Prayer to the Bearded Virgin Martyr
On Hieronymus Bosch’s St. Wilgefortis Triptych
The woman nailed to the cross wears a red dress and a dark green sash. Her long blonde hair cascades down her back, unbound. Arms outstretched, face raised to the sky, she looks upward or inward, away from the crowd of men assembled below her. Some of them tumble out of the hollow trunk of a dead tree. One seems to have fainted, and several men cluster around him, supporting him in their arms. On the other side of the cross, a man in the foreground pontificates as another looks on. The men in the background crowd and jeer. One points up at the crucified saint, his mouth ajar. The pose of the crowned woman on the cross, her face open and undisturbed, suggests indifference to the onlookers, transcendence rather than suffering. “Blessed art thou,” St. Wilgefortis. Also known as Liberata, Kümmernis, Livrade, Uncumber, St. Wilgefortis promises relief from the burden of violent, abusive husbands. In Hieronymus Bosch’s triptych centering on the female saint’s crucifixion, the merest hint of facial hair on her chin convinces art historians that she is Wilgefortis, daughter of a Portuguese King who had her crucified when she refused to break her vow of chastity and marry the non-Christian King of Sicily. Wilgefortis famously sprouted a beard and mustache to underline her resistance to the proposed matrimony. In the murky panel on the left, a solitary, black-robed Saint Anthony meditates, hunched in prayer. A city far behind him has erupted in hellish flames. In the panel on the right, a black-robed monk leads a soldier, or perhaps an executioner, who holds a spiked club that rests on his shoulder with one hand, grasps the hilt of a sword in a sheath with his other. The monk gestures ahead, his raised hand drawing attention to the figure who points to St. Wilgefortis in the central panel. Behind the two of them, far away, the white spires of a city arise beside a harbor and boats, one almost sunken, only its prow and tilted mast visible. Where are the women? “Blessed art thou.” Beyond the crucifix in the central panel, a fertile landscape is threaded with the silver ribbon of a shining river. A dead tree stands on a grassy hummock in the middle distance. Is Wilgefortis dying on the cross, or already dead? A martyr rumored to give succor at the hour of death, her feast day was celebrated on July 20. “Pray for us now, and at the hour of our death.” But that was a prayer to the Virgin Mary, who ascended bodily into Heaven. Bosch’s Wilgefortis looks untroubled, as if confident that she too will ascend. “Thy kingdom come, thy will be done.” But that was God the Father. Has Wilgefortis defied the law of the father who crucified her? Holy gender transgressor. “Blessed art thou.” Bearded lady, reviled sideshow freak. “Blessed art thou.” Patron saint of abused women and girls, transsexual, bisexual, homosexual, and transgender people. “Blessed art thou” and thy inviolate womb. How many have prayed to you over the centuries, pray to you still? “Blessed art thou among women.” Not a single woman in the crowd. “Blessed, blessed, blessed,” they whisper, hidden from sight in the shadows beyond, fingering rosaries in kitchens, bedrooms, women’s shelters, police stations, court rooms, jails. In morgues and funeral parlors, rosaries wrapped tightly around hands clasped on their breasts. “Pray for us now.”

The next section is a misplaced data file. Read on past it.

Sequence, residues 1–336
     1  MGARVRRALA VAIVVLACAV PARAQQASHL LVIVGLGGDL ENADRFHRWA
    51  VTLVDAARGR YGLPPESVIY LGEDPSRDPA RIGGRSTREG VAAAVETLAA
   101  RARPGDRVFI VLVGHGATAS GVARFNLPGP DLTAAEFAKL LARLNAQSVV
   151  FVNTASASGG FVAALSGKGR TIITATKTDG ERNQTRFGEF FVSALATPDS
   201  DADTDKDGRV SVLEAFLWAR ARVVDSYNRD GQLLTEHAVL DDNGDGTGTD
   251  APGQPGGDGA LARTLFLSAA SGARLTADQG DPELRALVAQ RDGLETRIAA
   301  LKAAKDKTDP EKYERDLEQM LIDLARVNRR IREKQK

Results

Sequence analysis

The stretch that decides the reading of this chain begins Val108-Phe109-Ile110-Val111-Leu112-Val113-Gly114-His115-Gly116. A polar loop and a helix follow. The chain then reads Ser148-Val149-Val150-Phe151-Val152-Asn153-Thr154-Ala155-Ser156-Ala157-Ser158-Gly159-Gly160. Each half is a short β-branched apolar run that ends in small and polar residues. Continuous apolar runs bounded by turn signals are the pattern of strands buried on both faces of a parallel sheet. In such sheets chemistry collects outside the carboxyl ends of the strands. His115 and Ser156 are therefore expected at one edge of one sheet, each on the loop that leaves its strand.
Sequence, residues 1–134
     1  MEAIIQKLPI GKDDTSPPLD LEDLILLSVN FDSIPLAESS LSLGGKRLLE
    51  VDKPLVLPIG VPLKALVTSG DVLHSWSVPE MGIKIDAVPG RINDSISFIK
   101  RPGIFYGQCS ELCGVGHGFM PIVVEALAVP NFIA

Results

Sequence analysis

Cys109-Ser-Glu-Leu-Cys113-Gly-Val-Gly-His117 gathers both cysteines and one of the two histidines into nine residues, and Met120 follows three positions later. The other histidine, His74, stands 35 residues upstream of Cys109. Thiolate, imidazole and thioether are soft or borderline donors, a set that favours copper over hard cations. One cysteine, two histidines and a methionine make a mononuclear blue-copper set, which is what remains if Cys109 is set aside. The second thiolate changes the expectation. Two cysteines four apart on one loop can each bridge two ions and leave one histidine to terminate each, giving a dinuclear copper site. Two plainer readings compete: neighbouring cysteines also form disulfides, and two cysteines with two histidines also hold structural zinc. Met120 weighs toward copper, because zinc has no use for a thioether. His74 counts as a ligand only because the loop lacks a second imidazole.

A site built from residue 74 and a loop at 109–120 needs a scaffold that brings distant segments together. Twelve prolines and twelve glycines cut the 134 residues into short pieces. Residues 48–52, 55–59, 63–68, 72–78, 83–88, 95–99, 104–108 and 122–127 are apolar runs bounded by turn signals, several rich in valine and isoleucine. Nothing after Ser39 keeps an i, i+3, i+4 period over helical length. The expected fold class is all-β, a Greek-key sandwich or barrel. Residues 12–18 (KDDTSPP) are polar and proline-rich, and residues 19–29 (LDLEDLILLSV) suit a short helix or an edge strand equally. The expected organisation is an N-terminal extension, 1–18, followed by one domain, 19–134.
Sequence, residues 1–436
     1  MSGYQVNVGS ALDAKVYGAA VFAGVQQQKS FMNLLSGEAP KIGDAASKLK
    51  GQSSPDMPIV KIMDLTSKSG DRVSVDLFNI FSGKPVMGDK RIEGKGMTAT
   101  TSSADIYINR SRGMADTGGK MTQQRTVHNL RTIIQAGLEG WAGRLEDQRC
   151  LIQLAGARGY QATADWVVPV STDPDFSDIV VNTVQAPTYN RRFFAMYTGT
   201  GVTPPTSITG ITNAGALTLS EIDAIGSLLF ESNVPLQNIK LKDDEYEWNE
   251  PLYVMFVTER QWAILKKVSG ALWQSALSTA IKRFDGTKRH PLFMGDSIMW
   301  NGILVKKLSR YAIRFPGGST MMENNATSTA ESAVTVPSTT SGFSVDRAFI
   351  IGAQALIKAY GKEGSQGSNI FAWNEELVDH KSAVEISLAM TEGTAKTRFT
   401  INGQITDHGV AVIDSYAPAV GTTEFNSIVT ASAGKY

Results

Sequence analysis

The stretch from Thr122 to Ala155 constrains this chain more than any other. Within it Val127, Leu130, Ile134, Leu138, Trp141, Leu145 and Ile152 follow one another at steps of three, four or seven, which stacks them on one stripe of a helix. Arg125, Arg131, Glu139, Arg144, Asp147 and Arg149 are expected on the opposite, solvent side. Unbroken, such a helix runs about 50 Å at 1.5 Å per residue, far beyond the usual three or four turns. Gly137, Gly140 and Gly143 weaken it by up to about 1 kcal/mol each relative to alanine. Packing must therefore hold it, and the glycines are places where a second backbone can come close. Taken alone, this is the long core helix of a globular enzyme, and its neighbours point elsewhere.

Jacqueline Doyle’s flash fiction chapbook The Missing Girl was recently published by Black Lawrence Press. Her flash has appeared in many fine zines, including Jellyfish Review. She lives in the San Francisco Bay Area and can be found online at www.jacquelinedoyle.com and on twitter @doylejacq.
(Next: Triple Threat by Mike Dressel)
(Previous: I Asked for Yellow Balloons by Alva Holland)
Feel like submitting? Check out our submission guidelines
Image: Hieronymus Bosch Public Domain